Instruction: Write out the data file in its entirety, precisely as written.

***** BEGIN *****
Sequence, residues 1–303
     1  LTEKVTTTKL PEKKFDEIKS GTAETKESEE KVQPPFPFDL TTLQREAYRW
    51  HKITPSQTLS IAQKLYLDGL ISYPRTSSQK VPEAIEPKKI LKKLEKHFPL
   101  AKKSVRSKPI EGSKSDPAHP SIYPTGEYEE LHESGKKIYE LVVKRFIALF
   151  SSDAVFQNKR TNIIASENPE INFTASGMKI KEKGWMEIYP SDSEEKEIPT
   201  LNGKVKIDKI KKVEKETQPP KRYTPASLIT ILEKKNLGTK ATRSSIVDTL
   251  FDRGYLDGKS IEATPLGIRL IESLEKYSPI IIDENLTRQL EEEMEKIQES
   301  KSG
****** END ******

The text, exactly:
Sequence, residues 1–303
     1  LTEKVTTTKL PEKKFDEIKS GTAETKESEE KVQPPFPFDL TTLQREAYRW
    51  HKITPSQTLS IAQKLYLDGL ISYPRTSSQK VPEAIEPKKI LKKLEKHFPL
   101  AKKSVRSKPI EGSKSDPAHP SIYPTGEYEE LHESGKKIYE LVVKRFIALF
   151  SSDAVFQNKR TNIIASENPE INFTASGMKI KEKGWMEIYP SDSEEKEIPT
   201  LNGKVKIDKI KKVEKETQPP KRYTPASLIT ILEKKNLGTK ATRSSIVDTL
   251  FDRGYLDGKS IEATPLGIRL IESLEKYSPI IIDENLTRQL EEEMEKIQES
   301  KSG